Criminologist & Forensic Psychologist John O'Keeffe
Criminologist & Forensic Psychologist John O'Keeffe

"Whatever way you examine and parse this, these these figures are truly shocking. Headline crime figures may be coming down overall but when it comes to violent murderous crime generally and specifically involving guns, Ireland stands at the abyss."

According to the Central Statistics Office (CSO) there were 2,613 robberies of an establishment or institution involving a gun in the 10 years and 458 robberies from a person with a firearm for the period from January 2005 to September 2015.

There were 510 aggravated burglaries where raiders were carrying a firearm.

The figures show that 2006 was the bloodiest year on record in the last decade. There were 474 incidents where a firearm was involved. This includes 27 gun murders in the 12-month-period.

In November of that year Latvian mum Baiba Saulite was shot dead at her home in Swords, North Dublin by a ‘Marlo’ Hyland’s gang on behalf of a man who wanted her dead.

Read More: Killer was given map to home of murdered mum-of-two

Roy Collins, who was mudered by the Dundon gang
Roy Collins, who was mudered by the Dundon gang

A month later Hyland’s own gang decided to kill him. They shot him dead in an attack that also took the life of innocent plumber’s apprentice Anthony Campbell.

Fuelled by the demand for cocaine and the strength of the economy a number of feuds exploded in the latter half of the last decade. And this is borne out in the number of gun crimes in the period.

In 2009 there were 24 gun murders in the state including the murder of businessman Roy Collins (34) by members of the McCarthy Dundon crime gang.

His death sparked a major clampdown on the Limerick gangs which has seen a dramatic fall off in the number of gun crimes in the city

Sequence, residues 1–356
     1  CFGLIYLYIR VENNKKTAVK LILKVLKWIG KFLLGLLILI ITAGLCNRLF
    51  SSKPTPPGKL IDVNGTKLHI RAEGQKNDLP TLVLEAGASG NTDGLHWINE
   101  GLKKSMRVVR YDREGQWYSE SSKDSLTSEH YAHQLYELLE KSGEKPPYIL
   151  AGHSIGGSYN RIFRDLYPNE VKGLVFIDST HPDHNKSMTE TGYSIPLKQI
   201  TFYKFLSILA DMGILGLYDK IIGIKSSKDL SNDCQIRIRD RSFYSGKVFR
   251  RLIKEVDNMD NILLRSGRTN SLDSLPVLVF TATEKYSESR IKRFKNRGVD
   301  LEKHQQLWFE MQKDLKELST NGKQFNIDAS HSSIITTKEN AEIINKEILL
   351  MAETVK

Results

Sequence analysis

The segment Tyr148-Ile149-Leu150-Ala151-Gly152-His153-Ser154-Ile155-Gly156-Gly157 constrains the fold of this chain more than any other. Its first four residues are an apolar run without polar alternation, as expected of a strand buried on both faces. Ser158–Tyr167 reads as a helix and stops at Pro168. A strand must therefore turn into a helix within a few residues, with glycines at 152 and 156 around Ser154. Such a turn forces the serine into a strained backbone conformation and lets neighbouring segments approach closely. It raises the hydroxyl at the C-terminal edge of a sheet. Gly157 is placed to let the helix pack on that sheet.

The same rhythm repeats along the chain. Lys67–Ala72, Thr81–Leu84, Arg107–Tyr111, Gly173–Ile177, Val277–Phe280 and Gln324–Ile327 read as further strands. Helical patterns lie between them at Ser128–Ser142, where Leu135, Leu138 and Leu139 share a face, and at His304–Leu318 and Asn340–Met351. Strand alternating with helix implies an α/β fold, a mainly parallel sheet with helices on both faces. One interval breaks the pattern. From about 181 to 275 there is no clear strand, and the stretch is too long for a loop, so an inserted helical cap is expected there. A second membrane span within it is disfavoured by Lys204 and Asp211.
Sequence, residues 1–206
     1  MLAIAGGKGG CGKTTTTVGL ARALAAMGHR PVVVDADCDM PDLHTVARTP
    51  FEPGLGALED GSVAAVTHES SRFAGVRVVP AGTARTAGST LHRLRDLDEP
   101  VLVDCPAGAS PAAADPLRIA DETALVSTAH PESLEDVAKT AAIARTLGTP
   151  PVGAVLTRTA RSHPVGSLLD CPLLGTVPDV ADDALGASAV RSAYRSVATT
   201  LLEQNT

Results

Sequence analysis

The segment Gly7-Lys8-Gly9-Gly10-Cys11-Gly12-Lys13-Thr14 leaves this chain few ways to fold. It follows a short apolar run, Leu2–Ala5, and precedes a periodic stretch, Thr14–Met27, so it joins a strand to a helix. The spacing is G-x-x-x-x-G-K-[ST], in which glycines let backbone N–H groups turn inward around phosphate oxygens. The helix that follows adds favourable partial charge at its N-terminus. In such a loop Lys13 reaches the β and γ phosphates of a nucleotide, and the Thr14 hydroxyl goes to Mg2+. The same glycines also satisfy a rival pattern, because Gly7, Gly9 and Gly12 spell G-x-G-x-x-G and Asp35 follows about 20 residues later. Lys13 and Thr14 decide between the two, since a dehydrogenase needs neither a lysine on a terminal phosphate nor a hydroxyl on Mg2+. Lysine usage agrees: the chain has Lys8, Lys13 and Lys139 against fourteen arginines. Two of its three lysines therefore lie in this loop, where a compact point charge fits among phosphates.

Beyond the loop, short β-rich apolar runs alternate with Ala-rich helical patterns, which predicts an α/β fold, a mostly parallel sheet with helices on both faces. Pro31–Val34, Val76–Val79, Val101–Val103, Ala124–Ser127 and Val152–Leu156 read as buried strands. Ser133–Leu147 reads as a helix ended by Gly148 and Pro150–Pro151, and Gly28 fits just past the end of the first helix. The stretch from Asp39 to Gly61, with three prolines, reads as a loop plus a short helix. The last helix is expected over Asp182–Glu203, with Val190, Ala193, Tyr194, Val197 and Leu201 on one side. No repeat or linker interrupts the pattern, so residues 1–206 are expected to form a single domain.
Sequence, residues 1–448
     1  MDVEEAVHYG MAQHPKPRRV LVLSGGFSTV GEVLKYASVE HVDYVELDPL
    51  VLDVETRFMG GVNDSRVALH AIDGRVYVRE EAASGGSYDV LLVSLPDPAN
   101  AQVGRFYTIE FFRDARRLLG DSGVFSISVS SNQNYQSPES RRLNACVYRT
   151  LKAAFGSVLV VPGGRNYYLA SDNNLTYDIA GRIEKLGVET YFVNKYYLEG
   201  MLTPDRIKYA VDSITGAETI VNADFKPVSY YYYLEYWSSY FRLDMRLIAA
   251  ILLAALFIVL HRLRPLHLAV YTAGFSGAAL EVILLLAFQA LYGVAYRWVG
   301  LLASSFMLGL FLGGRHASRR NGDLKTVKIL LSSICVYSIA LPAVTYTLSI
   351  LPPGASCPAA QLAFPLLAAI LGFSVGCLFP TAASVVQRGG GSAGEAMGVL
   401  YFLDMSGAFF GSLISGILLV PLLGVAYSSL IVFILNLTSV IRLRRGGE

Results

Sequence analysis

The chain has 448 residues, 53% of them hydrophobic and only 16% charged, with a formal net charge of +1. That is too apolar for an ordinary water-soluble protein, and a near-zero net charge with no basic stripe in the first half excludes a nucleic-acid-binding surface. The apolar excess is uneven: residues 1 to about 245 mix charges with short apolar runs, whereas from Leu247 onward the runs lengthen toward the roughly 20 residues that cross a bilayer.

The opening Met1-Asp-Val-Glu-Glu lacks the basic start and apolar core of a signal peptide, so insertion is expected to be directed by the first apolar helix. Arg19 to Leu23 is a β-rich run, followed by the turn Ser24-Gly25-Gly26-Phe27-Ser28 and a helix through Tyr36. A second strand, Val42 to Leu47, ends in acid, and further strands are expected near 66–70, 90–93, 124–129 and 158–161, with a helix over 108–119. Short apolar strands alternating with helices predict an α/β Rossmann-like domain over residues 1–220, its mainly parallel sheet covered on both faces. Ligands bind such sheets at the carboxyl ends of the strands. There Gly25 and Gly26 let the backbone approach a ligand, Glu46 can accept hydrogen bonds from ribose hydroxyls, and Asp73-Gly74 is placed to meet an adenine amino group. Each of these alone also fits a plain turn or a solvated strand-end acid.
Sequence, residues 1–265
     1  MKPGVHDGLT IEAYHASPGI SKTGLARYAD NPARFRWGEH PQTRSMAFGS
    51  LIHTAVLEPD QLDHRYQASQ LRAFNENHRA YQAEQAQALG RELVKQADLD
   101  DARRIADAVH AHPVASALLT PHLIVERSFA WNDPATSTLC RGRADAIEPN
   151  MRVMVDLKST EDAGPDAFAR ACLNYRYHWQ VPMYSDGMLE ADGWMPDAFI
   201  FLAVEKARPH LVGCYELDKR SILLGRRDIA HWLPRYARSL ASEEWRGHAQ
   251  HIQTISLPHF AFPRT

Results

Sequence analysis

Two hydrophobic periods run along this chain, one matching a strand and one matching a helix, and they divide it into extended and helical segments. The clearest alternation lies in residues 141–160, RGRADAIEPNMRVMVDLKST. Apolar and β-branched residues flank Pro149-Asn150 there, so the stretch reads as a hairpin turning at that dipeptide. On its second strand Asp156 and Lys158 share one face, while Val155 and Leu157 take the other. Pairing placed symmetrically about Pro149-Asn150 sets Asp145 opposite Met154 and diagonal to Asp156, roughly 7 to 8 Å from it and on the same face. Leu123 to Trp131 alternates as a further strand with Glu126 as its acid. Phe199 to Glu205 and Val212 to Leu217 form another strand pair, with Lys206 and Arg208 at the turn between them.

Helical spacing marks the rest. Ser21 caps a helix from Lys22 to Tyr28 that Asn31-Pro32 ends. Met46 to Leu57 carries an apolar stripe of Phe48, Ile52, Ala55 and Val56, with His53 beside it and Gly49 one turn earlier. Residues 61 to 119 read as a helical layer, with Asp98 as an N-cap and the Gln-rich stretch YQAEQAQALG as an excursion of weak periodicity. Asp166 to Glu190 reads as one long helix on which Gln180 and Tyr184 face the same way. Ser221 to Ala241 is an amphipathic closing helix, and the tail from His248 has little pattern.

The figures show that there has been a nationwide drop in the number of gun incidents since 2011 where there were 421 reported attacks.

Read More: The murders that changed the face of Dublin's gangland forever

2015 was the safest on record with just 208 firearms crimes. There were just eight gun murders last year including the shooting of Paul Kavanagh last April by the Christy Kinahan crime gang.

But Andrew Johnson says one is too many. He has called for greater resources for gardai investigating firearms crimes.

“There needs to be tighter control on guns. The gardai need a cold case unit for gangland alone. 

"These crimes are simply not being solved.”

Describing his brother’s killers as “cowards” Andrew said his family is haunted by the 2013 death. Gardai believe the hitmen mistook Mr Johnson for another man after he took the wrong coat home from a night out in Clondalkin.

His killers fired over a dozen bullets into his body from at least two guns.

“It was his birthday. Then there is the day he died and Christmas. So every three months there is a darkness. It is really hard for my family to deal with this.

“Nobody has been charged with Dean’s murder and I would be worried that nobody ever will be.”